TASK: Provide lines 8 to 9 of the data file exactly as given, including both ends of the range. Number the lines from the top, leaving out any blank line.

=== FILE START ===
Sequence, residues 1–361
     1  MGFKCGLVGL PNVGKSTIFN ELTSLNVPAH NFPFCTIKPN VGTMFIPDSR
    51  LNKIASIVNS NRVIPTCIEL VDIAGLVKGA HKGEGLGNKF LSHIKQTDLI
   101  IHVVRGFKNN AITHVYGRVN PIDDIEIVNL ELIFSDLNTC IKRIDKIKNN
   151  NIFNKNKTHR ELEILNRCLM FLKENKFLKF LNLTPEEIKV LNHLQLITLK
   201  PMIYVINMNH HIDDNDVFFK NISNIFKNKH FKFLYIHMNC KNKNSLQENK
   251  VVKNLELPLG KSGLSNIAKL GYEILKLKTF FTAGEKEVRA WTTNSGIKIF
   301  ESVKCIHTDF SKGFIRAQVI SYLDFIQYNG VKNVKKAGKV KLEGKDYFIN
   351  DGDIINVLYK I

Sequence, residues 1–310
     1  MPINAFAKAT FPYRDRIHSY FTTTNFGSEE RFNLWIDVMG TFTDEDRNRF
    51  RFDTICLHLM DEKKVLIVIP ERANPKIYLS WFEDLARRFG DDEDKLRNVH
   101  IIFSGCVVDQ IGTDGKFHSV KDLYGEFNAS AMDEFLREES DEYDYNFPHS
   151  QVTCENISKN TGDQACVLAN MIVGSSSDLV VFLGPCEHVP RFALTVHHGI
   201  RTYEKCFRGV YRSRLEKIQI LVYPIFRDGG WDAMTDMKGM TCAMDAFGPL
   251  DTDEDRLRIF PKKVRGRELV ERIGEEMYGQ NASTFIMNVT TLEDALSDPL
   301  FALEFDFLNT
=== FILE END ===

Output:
   301  ESVKCIHTDF SKGFIRAQVI SYLDFIQYNG VKNVKKAGKV KLEGKDYFIN
   351  DGDIINVLYK I